…another in the series of Gardening Tips for Couples

It is highly likely that in the course of relationships with associates, friends, family members and your significant other you will do or say something or not do or say something that will cause someone hurt.

Reacting to the words and actions of others is normal, natural and necessary when we are involved and invested in a relationship with another, regardless of the nature or structure of that relationship.

For the purpose of this Tip, I want to focus on The Power of Apology for committed couples. That said, everything I am about to offer can be widely used and applied with all different kinds of relationships and with all different kinds of people!

What Is An Apology?

Your apology is an act of loving kindness and is an offering to repair the hurt. It does not speak directly to the perceived offense.

The very act of apologizing must be an integral part of all committed relationships regardless of the nature of the relationship.

It is not about not having one’s feelings hurt!

It is about both partners offering and receiving apologies when a hurt or an offense is experienced and reported by one of them.

When to Apologize

If your Honey is hurt or offended by something you said or didn’t say, or did or didn’t do, his or her upset is not an indictment of you. It doesn’t mean you are a bad person. It doesn’t even mean you did something bad or wrong.

In fact, it may not mean anything at all about you. It is definitely a message about your partner. And an apology is in order.

Please know that your partner’s hurt or upset is a message to you about him or her. The message is: What you did or said by commission or omission didn’t land right. In committed relationships that are loving, mutually respectful and based on good will and good intention, it is important that both partners be alert as to how your words and actions affect and impact one another.

As a loving partner it matters to you if your partner’s feelings are hurt. Defensiveness, shifting the blame, being disparaging, trying to make light of the hurt or offense is unkind and disrespectful. If you engage in any of that adolescent behavior, stop it!

How To Apologize

  • Take a deep breath.
  • Remind yourself that the person who is hurt is not the enemy.
  • Remind yourself that the person who is hurt is a person you cherish and value and whom you wouldn’t hurt for anything in the world.
  • Remind yourself that a very common response to someone telling us that they have been hurt by us is to get angry!
  • Keep breathing!

Now repeat after me…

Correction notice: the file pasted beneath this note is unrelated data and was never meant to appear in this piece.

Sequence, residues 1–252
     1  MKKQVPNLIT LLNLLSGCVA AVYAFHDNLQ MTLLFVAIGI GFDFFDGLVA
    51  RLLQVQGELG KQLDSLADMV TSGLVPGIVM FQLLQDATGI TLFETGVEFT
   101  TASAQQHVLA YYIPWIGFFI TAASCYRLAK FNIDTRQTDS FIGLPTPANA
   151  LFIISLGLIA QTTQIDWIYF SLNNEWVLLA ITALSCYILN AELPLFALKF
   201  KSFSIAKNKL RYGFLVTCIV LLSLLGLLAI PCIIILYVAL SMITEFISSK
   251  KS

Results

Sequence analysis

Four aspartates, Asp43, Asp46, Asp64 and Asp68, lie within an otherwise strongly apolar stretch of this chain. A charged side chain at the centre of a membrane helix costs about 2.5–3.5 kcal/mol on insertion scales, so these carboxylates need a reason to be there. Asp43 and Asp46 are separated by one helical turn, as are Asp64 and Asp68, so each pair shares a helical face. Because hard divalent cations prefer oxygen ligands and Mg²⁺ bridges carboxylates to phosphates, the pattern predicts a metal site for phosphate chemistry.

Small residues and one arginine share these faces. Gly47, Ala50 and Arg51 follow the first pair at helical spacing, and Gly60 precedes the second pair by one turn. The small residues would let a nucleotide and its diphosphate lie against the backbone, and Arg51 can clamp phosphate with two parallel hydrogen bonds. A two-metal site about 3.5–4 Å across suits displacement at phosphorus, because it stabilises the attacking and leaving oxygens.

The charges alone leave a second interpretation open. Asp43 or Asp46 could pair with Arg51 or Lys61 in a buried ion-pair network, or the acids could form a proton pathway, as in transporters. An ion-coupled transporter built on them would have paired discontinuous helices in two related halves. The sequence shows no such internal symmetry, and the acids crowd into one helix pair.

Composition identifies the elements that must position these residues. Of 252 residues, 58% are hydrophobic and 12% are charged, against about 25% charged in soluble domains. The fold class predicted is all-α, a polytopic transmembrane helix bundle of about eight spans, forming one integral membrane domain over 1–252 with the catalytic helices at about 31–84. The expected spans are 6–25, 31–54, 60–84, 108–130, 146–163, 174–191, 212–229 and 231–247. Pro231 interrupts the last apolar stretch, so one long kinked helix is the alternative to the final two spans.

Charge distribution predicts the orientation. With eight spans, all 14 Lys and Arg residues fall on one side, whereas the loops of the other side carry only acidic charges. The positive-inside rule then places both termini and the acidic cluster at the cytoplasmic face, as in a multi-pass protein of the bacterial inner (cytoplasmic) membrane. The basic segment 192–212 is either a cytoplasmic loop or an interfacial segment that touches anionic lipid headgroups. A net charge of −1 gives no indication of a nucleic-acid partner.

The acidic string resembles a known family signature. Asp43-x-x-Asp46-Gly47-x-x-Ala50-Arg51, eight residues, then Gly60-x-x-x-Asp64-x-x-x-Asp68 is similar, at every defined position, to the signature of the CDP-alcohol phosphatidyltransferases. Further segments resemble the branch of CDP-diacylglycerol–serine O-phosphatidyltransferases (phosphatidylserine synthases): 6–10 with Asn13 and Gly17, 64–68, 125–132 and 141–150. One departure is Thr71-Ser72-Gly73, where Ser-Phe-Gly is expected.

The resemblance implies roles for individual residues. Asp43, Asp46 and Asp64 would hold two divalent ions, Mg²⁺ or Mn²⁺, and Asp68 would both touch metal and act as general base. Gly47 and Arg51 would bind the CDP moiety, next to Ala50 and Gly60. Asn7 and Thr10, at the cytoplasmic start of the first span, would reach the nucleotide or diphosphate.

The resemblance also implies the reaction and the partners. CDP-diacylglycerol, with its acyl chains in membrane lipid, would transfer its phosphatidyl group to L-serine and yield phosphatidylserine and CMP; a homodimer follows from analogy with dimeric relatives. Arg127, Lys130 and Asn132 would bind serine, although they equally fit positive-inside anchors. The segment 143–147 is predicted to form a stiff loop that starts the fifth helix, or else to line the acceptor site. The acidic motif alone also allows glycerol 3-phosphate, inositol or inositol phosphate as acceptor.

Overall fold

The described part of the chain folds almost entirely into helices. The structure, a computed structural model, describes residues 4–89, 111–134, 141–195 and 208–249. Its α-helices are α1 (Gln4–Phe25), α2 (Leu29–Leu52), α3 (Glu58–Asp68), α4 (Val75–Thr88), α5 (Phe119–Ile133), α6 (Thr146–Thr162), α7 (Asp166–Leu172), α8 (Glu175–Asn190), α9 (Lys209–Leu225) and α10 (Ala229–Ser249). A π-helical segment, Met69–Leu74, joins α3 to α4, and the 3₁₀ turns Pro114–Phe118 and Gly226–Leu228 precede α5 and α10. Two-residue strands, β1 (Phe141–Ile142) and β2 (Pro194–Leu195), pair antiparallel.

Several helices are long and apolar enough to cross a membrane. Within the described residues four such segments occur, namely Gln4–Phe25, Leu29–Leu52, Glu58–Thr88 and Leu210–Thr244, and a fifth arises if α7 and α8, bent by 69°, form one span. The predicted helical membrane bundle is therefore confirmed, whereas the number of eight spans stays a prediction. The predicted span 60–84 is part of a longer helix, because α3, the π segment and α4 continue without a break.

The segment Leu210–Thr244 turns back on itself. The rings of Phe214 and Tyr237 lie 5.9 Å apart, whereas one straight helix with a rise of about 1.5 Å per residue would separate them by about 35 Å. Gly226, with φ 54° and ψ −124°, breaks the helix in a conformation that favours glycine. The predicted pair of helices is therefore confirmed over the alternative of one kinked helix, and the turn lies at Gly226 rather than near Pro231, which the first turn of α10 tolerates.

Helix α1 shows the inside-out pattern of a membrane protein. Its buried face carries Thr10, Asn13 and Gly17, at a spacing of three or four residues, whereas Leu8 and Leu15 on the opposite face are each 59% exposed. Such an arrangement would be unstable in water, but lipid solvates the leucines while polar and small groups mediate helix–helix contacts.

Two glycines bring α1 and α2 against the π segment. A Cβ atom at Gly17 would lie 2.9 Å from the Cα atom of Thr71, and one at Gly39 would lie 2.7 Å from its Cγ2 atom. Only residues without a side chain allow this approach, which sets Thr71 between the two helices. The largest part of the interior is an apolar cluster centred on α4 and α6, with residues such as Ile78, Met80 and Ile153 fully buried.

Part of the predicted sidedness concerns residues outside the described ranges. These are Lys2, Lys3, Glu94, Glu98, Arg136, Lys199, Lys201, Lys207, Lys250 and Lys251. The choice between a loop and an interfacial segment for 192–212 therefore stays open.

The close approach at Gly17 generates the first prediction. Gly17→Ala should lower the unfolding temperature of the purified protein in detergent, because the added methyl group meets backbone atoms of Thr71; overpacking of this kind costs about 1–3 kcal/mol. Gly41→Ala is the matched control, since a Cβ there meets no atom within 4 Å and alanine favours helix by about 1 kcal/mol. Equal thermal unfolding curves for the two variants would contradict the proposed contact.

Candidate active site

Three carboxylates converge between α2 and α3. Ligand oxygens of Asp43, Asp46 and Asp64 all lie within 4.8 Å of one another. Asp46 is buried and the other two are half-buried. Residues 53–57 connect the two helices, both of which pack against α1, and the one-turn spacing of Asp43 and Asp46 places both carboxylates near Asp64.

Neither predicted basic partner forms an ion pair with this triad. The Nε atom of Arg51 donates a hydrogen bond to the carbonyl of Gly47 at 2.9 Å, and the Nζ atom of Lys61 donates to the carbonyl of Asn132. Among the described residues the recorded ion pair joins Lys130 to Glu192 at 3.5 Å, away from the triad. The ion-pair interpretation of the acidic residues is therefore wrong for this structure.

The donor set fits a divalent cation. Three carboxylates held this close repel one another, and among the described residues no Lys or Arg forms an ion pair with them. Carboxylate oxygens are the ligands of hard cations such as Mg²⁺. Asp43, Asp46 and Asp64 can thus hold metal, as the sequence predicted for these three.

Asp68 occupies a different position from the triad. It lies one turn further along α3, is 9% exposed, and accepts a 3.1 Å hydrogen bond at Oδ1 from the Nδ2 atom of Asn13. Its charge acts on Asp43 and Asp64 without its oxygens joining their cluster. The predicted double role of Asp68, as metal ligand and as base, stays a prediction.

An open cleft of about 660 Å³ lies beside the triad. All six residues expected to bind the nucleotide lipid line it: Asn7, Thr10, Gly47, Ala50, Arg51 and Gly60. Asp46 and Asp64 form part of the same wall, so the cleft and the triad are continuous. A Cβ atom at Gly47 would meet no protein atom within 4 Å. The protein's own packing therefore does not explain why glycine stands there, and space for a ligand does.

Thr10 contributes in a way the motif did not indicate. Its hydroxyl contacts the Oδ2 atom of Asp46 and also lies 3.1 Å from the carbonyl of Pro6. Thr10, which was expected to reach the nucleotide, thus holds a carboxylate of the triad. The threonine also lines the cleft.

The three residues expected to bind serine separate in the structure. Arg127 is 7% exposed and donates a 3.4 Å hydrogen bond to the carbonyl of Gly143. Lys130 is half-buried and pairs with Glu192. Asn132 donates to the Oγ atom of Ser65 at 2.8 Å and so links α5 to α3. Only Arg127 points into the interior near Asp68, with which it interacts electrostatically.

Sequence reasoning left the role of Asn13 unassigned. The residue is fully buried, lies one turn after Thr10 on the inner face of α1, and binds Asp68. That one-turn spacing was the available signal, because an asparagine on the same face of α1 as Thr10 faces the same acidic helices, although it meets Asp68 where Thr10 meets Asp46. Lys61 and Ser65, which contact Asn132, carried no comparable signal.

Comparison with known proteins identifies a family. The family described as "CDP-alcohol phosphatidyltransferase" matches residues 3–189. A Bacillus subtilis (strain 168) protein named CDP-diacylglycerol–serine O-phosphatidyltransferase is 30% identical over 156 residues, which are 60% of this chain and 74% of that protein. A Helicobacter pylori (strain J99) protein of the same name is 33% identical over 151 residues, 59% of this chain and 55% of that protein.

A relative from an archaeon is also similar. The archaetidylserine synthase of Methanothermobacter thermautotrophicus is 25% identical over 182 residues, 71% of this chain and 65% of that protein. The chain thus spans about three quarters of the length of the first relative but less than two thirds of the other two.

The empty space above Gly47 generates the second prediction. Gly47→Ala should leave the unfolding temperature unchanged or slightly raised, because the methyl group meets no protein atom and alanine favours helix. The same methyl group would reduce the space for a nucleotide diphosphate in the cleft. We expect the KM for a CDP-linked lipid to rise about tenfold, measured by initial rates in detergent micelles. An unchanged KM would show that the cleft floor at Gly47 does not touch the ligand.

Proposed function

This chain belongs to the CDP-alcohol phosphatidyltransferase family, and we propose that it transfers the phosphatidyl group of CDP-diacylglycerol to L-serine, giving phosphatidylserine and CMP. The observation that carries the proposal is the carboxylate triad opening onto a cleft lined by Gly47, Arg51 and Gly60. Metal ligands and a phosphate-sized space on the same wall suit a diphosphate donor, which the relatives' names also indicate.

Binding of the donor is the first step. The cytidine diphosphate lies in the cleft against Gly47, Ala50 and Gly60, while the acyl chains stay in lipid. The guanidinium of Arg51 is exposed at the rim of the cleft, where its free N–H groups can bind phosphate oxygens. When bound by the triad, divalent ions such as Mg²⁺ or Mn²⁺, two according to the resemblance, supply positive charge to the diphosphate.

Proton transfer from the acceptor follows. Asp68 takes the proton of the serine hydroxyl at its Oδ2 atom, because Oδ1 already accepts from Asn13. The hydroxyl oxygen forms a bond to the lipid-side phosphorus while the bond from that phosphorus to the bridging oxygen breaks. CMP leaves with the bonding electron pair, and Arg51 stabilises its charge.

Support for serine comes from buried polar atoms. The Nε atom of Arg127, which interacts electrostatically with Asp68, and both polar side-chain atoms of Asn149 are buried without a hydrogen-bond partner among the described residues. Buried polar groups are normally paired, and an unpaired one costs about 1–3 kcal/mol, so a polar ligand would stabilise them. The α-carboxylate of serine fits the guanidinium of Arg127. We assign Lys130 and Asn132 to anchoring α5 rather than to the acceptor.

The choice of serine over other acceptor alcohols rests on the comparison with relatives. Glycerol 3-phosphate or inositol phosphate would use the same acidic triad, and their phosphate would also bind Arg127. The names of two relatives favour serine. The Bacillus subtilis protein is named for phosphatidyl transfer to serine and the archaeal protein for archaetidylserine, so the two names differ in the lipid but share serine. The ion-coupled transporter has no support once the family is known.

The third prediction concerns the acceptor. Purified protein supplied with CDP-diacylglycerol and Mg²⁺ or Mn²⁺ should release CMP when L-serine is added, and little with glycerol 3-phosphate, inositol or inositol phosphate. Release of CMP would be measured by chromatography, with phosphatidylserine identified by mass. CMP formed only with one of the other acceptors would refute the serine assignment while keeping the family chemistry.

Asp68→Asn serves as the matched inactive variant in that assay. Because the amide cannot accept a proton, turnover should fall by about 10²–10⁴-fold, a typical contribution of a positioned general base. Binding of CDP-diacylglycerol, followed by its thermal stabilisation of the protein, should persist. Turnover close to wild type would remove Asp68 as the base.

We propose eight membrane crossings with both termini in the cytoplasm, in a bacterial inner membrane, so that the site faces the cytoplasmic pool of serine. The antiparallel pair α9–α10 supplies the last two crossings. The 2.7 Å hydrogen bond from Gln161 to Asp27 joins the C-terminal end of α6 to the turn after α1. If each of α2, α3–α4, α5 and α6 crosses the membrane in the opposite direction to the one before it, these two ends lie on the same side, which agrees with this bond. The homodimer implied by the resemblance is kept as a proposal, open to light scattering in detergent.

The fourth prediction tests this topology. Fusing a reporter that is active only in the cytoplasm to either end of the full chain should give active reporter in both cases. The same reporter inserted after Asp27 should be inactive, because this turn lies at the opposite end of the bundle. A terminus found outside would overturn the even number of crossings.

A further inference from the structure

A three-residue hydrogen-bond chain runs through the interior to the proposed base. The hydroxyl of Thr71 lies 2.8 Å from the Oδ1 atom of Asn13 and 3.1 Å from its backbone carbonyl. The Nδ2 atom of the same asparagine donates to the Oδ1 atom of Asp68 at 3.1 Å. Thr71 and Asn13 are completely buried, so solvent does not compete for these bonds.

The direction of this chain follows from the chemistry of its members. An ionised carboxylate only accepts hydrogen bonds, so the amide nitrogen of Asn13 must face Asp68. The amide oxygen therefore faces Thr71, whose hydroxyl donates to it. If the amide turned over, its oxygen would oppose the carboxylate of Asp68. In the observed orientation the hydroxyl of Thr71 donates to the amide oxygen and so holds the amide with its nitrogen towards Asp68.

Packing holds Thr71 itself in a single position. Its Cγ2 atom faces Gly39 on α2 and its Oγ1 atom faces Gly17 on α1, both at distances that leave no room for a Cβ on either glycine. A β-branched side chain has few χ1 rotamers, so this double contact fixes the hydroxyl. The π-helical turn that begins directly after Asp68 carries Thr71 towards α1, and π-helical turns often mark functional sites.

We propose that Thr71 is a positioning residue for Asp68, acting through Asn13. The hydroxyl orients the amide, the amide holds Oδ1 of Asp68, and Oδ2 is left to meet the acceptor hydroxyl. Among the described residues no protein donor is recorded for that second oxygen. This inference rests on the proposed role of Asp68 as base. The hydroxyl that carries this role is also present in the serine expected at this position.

• I am sorry that what I said (or didn’t say) or what I did (or didn’t do) made you feel like I don’t care about you.
  • It was not my intention to say or do anything that would upset you or cause you hurt.
  • What can I do or say right now to repair the hurt in your heart?
  • I care about you. It matters to me that you are hurt. I want to make the hurt better.

Then take another deep breath and be quiet. Allow him or her time to let your words sink in and start to soothe the hurt; salve the wounded heart.

How To Receive An Apology

  • Take a deep breath.
  • Remind yourself that the person who hurt you is not the enemy.
  • Remind yourself that the person who hurt you is a person you cherish and value and you know she or he wouldn’t hurt you for anything in the world.
  • Remind yourself that a very common response to telling someone that they hurt you is for them to get mad at you.
  • Keep breathing!

Now repeat after me…

  • I believe that she or he is sorry that what she or he said (or didn’t say) or what she or he did (or didn’t do) that made me feel like she or he doesn’t care about me.
  • I believe that it was not his or her intention to say or do anything that would upset me or cause me hurt.
  • I choose to take in my partner’s acknowledgement that something happened that hurt me.
  • I choose to allow this apology to begin to repair my hurt feelings.
  • I choose to allow this apology to soften my heart, calm my upset and cool my anger.
  • I choose to allow this apology to soothe the wound in my heart now.

Then take another deep breath and be quiet. Allow yourself to begin to be transformed by your knowing that you are loved, respected and valued. Allow the power of apology to start the healing process.

Apologies Do Not Necessarily Resolve Issues

Sometime after you and your partner have re-established the emotional status quo between you, schedule a time to sit down and problem solve whatever the content was of the event that was hurtful or upsetting.

Do not attempt to do this as long as one of you is feeling hurt or upset. Heal the hurt first.

Relationships have their own rhyme and rhythm. One essential skill to learn and use frequently is the art and act of apologizing and accepting an apology.

No one is perfect and no relationship is without its ups and downs. The art and the act of offering and receiving apologies is a skill well worth learning, practicing and using with each other often.

I invite you to allow these new ways to extend yourself to your partner and receive your partner and understand that you will be tending the rich soil in which love, intimacy and trust grow more and more deeply every day.

So until next time, Happy Gardening!

Remember, only YOU can make it happen!

 

Original Content by Jackie Black, Ph.D., BCC
www.DrJackieBlack.com ~ DrJackie@DrJackieBlack.com

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